On Monday, August 19, 1996 Marcia Anne Ryan left her home on Larool Crescent in Seaford to visit her parents who were on their yearly, three-month trip to Queensland.
Marcia’s older brother Tony first noticed something was wrong after checking the 33-year-old’s answering machine, which he often did when she was away.
“She called my parents up on that weekend and said she wasn’t feeling well but didn’t elaborate on what she meant by that, and that she would drive down on Monday to see them,” he said.
“Two days after Marcia left to see my parents, my mum Johanna called and asked where she was, I told her not to worry it takes a while to get to Queensland from home.
“Another day passed and a guy from Trafalgar left a message on her answering machine and said he found her wallet on the median strip on the highway near Darnum.
“I thought that was really strange, so I went down to the Latrobe Valley, picked up the wallet then went to the police.
“On Saturday there was a message on the answering machine from VicRoads saying they will have to tow her car which had been left on the highway for a few days.
“On Saturday, August 24, I went down to the car and found it on the side of the road, I broke in and checked it, but nothing had been disturbed, the CIU called me later that day and that’s when I knew it was really serious.”
Victoria Police said Marcia’s tan Mitsubishi Sigma sedan with registration DUP002 was found abandoned on the Princes Highway near Moe on August 20 and her wallet was also found along the highway close to Darnum a day later.
The last sighting of Marcia was by a truck driver who offered her a lift at 11.50pm on August 19.
He said she was walking along the highway away from her parked car towards Morwell, but she declined a lift and the driver noted she looked to be in a distressed state.
On September 5, 1996, The Express reported a major police search was conducted along the Princes Highway roadside near Moe by 20 members of the SES, five task force detectives and members of police search and rescue the day prior.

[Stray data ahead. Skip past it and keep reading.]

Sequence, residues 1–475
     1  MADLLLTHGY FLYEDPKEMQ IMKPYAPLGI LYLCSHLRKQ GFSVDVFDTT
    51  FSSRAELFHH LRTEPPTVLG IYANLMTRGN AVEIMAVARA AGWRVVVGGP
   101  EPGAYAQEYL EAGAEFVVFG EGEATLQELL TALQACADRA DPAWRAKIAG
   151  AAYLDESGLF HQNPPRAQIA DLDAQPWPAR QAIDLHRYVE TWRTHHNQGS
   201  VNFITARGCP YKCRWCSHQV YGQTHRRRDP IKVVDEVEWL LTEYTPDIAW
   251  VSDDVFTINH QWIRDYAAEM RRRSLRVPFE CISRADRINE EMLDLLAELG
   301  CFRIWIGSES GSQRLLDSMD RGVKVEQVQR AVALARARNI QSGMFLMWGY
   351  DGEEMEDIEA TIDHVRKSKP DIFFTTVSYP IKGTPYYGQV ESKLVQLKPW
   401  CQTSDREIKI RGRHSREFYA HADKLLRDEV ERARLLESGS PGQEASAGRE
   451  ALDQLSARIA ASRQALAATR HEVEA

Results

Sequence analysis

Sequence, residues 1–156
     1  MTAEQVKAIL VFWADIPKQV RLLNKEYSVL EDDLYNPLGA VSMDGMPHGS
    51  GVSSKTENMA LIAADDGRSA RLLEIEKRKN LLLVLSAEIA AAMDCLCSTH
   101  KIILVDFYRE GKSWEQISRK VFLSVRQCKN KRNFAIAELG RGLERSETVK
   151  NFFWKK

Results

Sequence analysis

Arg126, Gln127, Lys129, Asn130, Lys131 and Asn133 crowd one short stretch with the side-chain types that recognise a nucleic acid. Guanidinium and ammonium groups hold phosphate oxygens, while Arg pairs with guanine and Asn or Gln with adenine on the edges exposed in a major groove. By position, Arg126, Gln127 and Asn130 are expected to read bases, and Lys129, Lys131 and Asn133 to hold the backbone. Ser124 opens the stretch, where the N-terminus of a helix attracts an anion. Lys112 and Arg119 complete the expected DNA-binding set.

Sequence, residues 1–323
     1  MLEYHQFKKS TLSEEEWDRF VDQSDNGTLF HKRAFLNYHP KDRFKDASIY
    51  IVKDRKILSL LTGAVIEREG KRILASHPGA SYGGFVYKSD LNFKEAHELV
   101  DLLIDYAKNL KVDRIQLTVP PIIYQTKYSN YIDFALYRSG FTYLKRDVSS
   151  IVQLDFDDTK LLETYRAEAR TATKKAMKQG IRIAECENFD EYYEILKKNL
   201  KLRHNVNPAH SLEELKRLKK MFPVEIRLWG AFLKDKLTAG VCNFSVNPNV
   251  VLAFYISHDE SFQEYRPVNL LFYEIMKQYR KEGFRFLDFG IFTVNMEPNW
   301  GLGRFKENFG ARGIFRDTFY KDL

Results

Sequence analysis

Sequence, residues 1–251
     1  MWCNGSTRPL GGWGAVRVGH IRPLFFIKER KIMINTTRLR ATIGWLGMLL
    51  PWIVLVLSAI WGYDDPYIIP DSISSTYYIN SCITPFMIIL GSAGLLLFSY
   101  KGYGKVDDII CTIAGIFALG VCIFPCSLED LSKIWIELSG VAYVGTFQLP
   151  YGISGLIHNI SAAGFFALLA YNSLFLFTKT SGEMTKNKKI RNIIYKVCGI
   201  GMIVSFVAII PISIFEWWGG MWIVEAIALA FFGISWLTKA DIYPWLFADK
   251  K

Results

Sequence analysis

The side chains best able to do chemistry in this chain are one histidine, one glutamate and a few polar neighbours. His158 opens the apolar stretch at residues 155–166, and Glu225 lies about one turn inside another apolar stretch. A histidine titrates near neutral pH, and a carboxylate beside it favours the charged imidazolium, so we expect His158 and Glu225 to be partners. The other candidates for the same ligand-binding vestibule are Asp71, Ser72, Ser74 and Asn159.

Detective Inspector John Noonan said at the time it was important for Latrobe Valley residents to report any sightings or information they may have about Marcia.
The search intensified on September 26, when 150 police personnel combed the Princes Highway from Darnum to Morwell. The search included an aerial scan by police helicopter.
But, 24 years later, Tony Ryan and his remaining family are no closer to knowing what happened to Marcia and her loyal Heeler/Border Collie cross Ziggy, who was with her when she disappeared.
“Three years ago a Trafalgar woman came forward and told me that she heard a story from her brother-in-law that Marcia was buried in Moondarra State Park, I have had a couple of people tell me that, but it has never been confirmed,” he said.
“You go through all of these extreme thoughts when a family member is missing, like when Jarrad Lovison’s body was found for a while we thought it could be Marcia because they had not specified anything about the body, and I had to call all the police so I could get confirmation it was not her.
“Many people have contacted me with vague information, but I need specifics, I need that last piece of the puzzle to find my sister. I have even thought of searching the Moondarra State Park when I retire.
“We have worked really hard to find some details, we were doing contact tracing well before COVID-19.
“We would like an answer, without an answer you don’t get closure.
“There is a six week period every year where she is front of mind.
“Her birthday is July 19, then Missing Persons Week on August 2 and the anniversary of her disappearance on August 19.